I do get what you mean that "an argument could be made" for keeping such drugs illegal, but on the other hand if prescription medications were accessible over-the-counter, and hobos could buy their own antipsychotics (which is what they REALLY need, for the most part), or charities could buy them and dispense them directly to hobos, then crack use in general would plummet, even if legal.

Ryan: "if prescription medications were accessible over-the-counter, and hobos could buy their own antipsychotics (which is what they REALLY need, for the most part), or charities could buy them and dispense them directly to hobos, then crack use in general would plummet"

This thought is what was really driving this post. Alcoholism, for example, causes so much pain for so many people, and a lot of the time it's caused by people self-medicating their depression/anxiety. We have to trade off overuse of over-the-counter prescription medication against overuse of the alternatives, e.g. alcohol.

I am one of those who agrees with expanding the prescription franchise to other professionals--as well as making more drugs OTC--but I think the argument is mostly supported by the likelihood of getting the prescription faster. I don't think there is a strong argument that the expansion would make pharmacotherapies better, that is, more effective in treating symptoms with the right drug. If pharmacists (or NPs) are prescribing even half the number of drugs that a family doctor can write scripts for, it is still unlikely that they will be doing a really thorough diagnostic procedure, overall health evaluation, family medical history, etc etc. In other words, I think you are as likely to be put on anti-depressants too readily or for too long with a nurse practitioner or pharmacist, as you are with a family doctor.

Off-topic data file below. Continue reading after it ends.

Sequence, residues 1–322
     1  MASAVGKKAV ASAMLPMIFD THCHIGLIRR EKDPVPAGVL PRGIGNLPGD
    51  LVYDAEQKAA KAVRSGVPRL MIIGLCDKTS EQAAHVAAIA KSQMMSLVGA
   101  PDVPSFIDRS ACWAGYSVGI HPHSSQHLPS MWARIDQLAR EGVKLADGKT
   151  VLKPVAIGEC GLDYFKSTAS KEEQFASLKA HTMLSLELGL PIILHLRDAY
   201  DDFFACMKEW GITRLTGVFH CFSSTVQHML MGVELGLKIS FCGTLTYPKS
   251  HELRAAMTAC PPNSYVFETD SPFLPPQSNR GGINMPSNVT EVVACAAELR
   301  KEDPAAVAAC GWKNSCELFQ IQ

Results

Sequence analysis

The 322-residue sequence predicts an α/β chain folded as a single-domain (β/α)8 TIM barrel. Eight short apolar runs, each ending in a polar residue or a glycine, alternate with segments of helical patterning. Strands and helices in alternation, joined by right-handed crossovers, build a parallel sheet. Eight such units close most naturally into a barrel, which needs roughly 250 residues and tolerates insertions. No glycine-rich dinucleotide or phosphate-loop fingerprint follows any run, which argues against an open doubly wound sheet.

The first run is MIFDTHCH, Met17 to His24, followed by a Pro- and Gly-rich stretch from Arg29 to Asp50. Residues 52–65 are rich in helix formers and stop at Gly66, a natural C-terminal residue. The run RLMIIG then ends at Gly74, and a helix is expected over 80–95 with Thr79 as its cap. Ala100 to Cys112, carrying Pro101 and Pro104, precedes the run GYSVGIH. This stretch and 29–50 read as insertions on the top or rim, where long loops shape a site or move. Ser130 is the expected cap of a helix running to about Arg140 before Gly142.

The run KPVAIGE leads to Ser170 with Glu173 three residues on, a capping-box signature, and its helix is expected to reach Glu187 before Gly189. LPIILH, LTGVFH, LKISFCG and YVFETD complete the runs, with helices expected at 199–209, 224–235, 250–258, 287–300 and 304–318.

The issue is twofold: getting a correct diagnosis and then selecting the right treatment, and having enough resources to carry out those functions with reasonable speed. The first problem is usually solved helped by establishing clinics (multidisciplinary teams), where having many minds involved and making clinical practice more visible to peers can reduce error (including overuse of drugs). But obviously this costs more, and does not solve the second problem.

@ arrow (Kenneth??) I hear you on the MD rent-seeking, but I disagree that adding more professionals to the mix improves quality. The question in the appropriate administration and management of drug therapy is, what is the typical profile of professional error? Generally speaking, it includes solitary or unsupervised practice, no quality evaluation or feedback loop, limited ability to consume new information, and overconfidence. I see no evidence in other settings that these are substantially lower with other types of professionals. The issue is one of organizational structure.

Shangwen - you're in Alberta, aren't you? The scope of pharmaceutical practice in Alberta is much wider than in the rest of Canada. Do you have any sense of whether or not that makes any difference? Given what you've said, I suspect your answer is - not much.

I do get what you mean that "an argument could be made" for keeping such drugs illegal, but on the other hand if prescription medications were accessible over-the-counter, and hobos could buy their own antipsychotics (which is what they REALLY need, for the most part), or charities could buy them and dispense them directly to hobos, then crack use in general would plummet, even if legal.